Resop got a workout. With one away, he broke Will Venable's bat and got a soft hopper to short; Cedeno tried to bare hand it instead of gloving it, dropped the ball, and saw it generously ruled a base hit. An out later, after Venable stole second, Ludwick singled him home. A walk followed before he got Cameron Maybin to roll out to short. What should have been a 1-2-3 inning instead cost the Pirates a run and Resop 30 pitches to finish.

Ernesto Frieri took over for San diego; he walked all three batters he faced. No, that didn't load the bases. A failed hit-and-run with Overbay on first and Snyder at bat (Overbay and Snyder?) resulted in a caught stealing. Still, it was enough to get him the hook as Bud Black called on Luke Gregerson.

He walked Cedeno to load the bases. But he got pinch hitter Steve Pearce to K swinging and McCutch to hit a soft roller to short. How often do your first four batters walk and you don't score? It was Hanny time, against the Padres' 6-7-8 hitters.

Joel Hanrahan got the first two hitters easily. Nick Hundley lined an 0-2 pitch that was up and tailed into the middle of the plate into center for a single. Chase Headley followed with a ground ball to second. It bounced off Walker's glove and into short right to put runners on the corners; it too was ruled a base hit (gotta love home town scorers). Venable, first pitch swinging, tapped one to short; Cedeno fed Walker for the force and Hanny had his ninth save.

It was a struggle, and most of the bleeding acme from self-inflicted wounds. But the Pirates are doing just enough to win games this year; in seasons past, they would do just enough to lose them. And they're a game away from taking their fifth road series, which would better last year's disastrous record - in May.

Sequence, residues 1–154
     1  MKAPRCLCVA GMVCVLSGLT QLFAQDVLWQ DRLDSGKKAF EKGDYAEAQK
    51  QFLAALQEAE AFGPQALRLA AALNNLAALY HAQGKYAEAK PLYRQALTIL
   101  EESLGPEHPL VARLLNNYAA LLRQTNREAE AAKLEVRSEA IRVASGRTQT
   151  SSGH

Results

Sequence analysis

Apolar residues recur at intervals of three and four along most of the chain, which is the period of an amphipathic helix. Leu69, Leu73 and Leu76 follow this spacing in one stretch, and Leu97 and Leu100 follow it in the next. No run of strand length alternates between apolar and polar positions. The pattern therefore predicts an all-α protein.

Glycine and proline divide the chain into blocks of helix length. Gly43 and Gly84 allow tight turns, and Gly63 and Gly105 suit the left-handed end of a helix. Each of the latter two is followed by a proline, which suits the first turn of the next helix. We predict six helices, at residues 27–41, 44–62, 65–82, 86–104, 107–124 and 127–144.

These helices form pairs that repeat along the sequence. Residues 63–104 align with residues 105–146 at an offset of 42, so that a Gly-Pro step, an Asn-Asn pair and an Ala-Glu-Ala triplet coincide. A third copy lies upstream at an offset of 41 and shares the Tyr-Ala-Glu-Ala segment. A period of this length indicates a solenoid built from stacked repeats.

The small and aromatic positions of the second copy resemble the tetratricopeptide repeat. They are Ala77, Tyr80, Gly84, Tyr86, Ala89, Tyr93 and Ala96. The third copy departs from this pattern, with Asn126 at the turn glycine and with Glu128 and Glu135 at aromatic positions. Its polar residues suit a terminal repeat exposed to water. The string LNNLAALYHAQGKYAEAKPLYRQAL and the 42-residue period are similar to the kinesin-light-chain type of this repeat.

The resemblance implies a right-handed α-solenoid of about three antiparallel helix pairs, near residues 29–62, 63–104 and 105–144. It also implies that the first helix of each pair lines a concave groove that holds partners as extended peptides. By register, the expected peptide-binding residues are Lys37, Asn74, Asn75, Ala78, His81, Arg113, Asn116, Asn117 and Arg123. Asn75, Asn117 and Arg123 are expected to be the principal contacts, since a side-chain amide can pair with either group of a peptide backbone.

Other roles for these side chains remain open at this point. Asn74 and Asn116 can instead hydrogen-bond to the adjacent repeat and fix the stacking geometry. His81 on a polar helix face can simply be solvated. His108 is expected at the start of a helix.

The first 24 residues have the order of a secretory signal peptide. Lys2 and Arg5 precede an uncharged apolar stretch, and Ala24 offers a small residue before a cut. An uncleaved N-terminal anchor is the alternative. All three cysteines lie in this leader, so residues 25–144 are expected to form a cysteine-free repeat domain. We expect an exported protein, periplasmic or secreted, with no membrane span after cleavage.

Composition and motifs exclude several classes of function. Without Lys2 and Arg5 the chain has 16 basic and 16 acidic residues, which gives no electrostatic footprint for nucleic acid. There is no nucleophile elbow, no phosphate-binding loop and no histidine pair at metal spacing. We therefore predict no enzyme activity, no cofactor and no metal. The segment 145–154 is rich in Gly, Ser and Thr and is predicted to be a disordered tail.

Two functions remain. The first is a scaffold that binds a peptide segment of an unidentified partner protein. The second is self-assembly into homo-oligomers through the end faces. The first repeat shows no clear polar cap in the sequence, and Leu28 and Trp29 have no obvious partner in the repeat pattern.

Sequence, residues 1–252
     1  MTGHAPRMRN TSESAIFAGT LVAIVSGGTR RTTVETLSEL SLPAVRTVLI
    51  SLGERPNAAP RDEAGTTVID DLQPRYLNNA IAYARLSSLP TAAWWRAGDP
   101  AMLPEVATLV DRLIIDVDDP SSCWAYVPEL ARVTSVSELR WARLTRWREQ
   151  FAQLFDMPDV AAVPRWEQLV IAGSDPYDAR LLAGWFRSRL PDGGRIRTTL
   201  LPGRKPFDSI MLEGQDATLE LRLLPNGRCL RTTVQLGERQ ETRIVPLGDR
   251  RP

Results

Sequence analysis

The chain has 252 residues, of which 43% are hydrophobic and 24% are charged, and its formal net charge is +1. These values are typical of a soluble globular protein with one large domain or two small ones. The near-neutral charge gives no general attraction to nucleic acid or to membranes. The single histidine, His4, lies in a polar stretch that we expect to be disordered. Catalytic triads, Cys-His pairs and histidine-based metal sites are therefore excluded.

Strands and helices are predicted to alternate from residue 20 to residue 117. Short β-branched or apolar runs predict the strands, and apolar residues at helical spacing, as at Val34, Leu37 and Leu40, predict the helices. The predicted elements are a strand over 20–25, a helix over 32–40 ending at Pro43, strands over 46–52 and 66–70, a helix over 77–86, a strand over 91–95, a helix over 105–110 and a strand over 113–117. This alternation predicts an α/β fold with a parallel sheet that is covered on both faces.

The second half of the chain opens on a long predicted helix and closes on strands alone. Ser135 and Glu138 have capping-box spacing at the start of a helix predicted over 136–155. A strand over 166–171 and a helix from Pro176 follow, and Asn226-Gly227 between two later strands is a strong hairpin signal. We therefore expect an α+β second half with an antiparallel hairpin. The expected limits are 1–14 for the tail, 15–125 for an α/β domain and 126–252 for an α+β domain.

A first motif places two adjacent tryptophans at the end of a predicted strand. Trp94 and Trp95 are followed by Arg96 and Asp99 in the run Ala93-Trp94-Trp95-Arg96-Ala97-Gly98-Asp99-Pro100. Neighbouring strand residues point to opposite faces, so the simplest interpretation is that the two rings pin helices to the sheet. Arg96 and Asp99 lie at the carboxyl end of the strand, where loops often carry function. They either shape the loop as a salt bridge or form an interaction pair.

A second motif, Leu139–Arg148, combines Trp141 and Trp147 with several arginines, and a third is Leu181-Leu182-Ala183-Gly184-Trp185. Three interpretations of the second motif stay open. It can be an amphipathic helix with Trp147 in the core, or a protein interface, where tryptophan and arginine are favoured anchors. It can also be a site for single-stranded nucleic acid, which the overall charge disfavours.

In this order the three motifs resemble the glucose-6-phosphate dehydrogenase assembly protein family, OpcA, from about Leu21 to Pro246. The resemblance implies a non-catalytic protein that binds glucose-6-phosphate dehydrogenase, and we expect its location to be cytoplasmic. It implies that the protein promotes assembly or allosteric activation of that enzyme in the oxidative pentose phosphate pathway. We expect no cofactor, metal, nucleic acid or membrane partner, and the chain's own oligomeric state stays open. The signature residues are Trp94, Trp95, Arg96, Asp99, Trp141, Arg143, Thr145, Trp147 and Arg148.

Jeff Karstens will face Mat Latos tomorrow.

-- Hanrahan has nine saves; only his four-out save against the Cards was a clean outing.

-- J-Macs's heater sat at his usual 91-93 MPH, but he pumped up a couple, registering 95 twice and 98 once on the SD gun.

-- Evan Meek had tests on his shoulder done today, and the original diagnosis of tendinitis was confirmed. He'll rest and then begin rehab; there's no timetable for his return as his status is "week to week."

-- Dang, those folks in San Diego were quieter than ol' GW thought they'd be; he saw about three people singing along to the anthem. At least a lot of them brought flags. Yesterday's news, we guess...

-- It was a much better day for Jameson Taillon on the mound. He went four scoreless frames last night, giving up two hits and striking out six with no walks. He threw 52 pitches.

-- When the Bucs visited the SEAL home base this morning, they were met by John McTighe, a retired Navy SEAL captain, who is from Western Pennsylvania. He said “I’m so happy the Pittsburgh Pirates, of all teams, are here on the day after we caught that son-of-a-gun.” Except we don't thing he said "gun."

Ryan Doumit told Root Sports that the sailors seemed as excited about meeting the ballplayers as the players were to meet them. The meet-and-greet a good program, no matter what the world situation.